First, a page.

Biography of Young N. Patterson

YOUNG N. PATTERSON. This prominent and highly-honored citizen of Baxter County, Arkansas, was born on King’s Creek, three miles from King’s Mountain in Lincoln County, N. C. in 1840, a son of Alfred and Eliza (Ferguson) Patterson, who were born, reared and married in the Old North State, and from there moved to Itawamba County, Miss., where the father died at the age of fifty-two years, and the mother is still living on the old homestead. The father met with success in his farming operations, was practical and shrewd in the conduct of his affairs, and succeeded in accumulating a comfortable competency before the close of his earthly career. He was in the Black Hawk War of 1832, and helped to capture the noted chieftain of that name.

In the common schools of Mississippi Young H. Patterson received a practical education, after which he finished his scholastic education in an academy of that State. In August, 1861, he enlisted in Company H, First Mississippi Infantry, and served in that regiment for nearly a year. At the fall of Ft. Donelson he was taken prisoner and for seven months was a captive at Camp Morton, Indianapolis. He was then exchanged and rejoined his old regiment, with which he served until Vicksburg fell when he became a member of Roddy’s cavalry. Three months later, at the battle of Selma, he was wounded in the leg by a pistol ball, and was later taken prisoner at Plantersville, but was soon discharged. As this was just prior to Lee’s surrender he did not reenter the service but returned home and began teaching school and farming, continuing both occupations there until 1874, when he came to Baxter County, Arkansas, and here has in his home place 200 acres of valuable land, besides being the owner of several other tracts in the county. His home place is very pretty, well improved, and everything about it indicates thrift and energy.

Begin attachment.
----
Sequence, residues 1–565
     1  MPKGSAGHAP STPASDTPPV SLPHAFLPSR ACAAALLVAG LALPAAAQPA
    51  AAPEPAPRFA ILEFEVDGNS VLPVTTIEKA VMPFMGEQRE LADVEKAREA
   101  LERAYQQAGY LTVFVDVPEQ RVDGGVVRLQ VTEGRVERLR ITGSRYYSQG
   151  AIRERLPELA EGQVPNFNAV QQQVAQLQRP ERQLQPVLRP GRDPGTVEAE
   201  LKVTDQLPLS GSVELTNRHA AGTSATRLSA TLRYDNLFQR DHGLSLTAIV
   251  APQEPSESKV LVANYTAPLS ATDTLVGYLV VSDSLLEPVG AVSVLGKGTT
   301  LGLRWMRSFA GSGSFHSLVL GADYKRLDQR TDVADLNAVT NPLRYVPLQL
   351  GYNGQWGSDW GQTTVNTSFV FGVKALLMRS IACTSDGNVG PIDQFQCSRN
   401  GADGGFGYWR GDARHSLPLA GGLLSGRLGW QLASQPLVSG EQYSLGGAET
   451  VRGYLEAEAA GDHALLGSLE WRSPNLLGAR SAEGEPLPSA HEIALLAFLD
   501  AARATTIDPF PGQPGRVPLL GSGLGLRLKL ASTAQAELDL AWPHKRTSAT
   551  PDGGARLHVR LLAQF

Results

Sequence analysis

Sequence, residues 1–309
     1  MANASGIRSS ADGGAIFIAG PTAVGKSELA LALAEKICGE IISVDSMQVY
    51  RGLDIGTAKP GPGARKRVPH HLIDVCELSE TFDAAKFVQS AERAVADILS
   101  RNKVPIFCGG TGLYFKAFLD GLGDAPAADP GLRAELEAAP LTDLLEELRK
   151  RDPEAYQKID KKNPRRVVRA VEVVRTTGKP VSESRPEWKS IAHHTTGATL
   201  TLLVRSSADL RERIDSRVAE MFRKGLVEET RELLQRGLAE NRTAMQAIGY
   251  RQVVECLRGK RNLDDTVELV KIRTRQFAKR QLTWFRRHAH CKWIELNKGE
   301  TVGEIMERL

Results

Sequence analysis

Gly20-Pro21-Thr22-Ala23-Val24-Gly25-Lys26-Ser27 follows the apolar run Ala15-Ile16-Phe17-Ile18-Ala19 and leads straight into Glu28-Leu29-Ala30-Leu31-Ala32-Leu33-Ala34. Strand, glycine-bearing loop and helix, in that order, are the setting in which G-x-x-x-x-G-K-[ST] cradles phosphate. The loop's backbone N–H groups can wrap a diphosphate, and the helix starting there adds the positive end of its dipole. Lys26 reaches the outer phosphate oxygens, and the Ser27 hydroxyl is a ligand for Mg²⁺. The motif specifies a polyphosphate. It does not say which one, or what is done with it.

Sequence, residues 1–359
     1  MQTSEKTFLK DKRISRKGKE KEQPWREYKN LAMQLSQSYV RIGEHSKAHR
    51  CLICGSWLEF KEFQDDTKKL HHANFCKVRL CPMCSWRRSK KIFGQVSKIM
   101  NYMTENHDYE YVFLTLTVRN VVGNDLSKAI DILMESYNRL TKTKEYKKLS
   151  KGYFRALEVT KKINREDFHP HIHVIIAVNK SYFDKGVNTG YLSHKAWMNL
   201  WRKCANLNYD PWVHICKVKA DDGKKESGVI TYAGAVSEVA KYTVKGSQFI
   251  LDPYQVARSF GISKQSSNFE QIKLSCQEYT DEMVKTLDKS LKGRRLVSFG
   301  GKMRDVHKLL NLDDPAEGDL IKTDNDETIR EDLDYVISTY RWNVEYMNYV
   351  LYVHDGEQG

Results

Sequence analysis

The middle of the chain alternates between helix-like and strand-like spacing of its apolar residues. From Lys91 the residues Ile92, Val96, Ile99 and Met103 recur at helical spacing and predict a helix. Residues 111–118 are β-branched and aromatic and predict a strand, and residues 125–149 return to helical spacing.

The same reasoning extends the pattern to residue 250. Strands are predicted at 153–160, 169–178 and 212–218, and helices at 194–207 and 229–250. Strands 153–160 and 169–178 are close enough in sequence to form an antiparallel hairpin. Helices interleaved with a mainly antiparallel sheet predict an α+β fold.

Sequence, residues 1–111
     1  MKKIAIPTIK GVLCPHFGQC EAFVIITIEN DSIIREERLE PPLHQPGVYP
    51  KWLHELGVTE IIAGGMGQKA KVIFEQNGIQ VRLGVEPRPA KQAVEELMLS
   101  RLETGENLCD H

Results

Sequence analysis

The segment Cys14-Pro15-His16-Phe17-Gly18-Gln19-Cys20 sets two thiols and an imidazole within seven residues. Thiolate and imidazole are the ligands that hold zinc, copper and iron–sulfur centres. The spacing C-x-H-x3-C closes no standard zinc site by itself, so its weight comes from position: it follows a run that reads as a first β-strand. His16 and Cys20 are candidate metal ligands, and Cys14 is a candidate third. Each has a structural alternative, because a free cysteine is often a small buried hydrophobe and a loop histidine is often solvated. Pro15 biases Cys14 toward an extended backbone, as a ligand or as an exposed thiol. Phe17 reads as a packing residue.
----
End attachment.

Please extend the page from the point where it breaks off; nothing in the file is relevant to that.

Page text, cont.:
He commenced anew the battle of life at the close of the war, with a bullet in his leg, some very poor clothes, and a wife to take care of, but through sheer force of native ability he has bent the forces of circumstances to his will, and has been successful in the accumulation of a bountiful living and some property. While in Mississippi he served in the capacity of justice of the peace one term, and has filled the same position a like length of time in Baxter County, to which position he was elected by his numerous Democratic friends. He was married in the latter part of 1864 to Miss Caroline Thompson, of Monroe County, Miss., a daughter of William Thompson, and by her has three sons and seven daughters, all of whom are living. Mr. and Mrs. Patterson are members of the Methodist Episcopal Church, South, and socially Mr. Patterson is a Mason and a member of Fairview Lodge, in which he has held official position. He is a substantial citizen and deserves great credit for the manly way in which he has surmounted the many obstacles that have strewn his path.


A Reminiscent History of the Ozark Region: comprising a condensed general history, a brief descriptive history of each county, and numerous biographical sketches of prominent citizens of such counties. Chicago: Goodspeed Brothers Publishers. 1894.

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